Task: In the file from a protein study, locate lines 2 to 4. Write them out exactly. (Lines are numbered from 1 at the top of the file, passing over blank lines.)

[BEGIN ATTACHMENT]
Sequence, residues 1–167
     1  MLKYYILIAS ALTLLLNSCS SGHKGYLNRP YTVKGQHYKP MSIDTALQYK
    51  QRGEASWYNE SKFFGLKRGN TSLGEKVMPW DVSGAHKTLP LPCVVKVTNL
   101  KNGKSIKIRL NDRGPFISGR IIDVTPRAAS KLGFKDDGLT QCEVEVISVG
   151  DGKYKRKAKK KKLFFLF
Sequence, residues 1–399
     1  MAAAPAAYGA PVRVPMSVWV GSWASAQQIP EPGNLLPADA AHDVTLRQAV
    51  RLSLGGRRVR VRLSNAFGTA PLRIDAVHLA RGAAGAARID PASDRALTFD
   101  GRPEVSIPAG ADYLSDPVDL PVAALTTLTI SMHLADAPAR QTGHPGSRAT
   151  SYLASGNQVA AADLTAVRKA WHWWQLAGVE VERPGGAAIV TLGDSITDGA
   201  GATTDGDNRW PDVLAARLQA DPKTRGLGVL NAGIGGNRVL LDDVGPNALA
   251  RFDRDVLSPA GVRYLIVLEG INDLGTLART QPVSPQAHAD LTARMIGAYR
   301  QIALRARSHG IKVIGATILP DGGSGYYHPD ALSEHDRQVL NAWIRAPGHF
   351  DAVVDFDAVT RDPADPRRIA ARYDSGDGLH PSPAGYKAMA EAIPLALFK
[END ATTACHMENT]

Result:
     1  MLKYYILIAS ALTLLLNSCS SGHKGYLNRP YTVKGQHYKP MSIDTALQYK
    51  QRGEASWYNE SKFFGLKRGN TSLGEKVMPW DVSGAHKTLP LPCVVKVTNL
   101  KNGKSIKIRL NDRGPFISGR IIDVTPRAAS KLGFKDDGLT QCEVEVISVG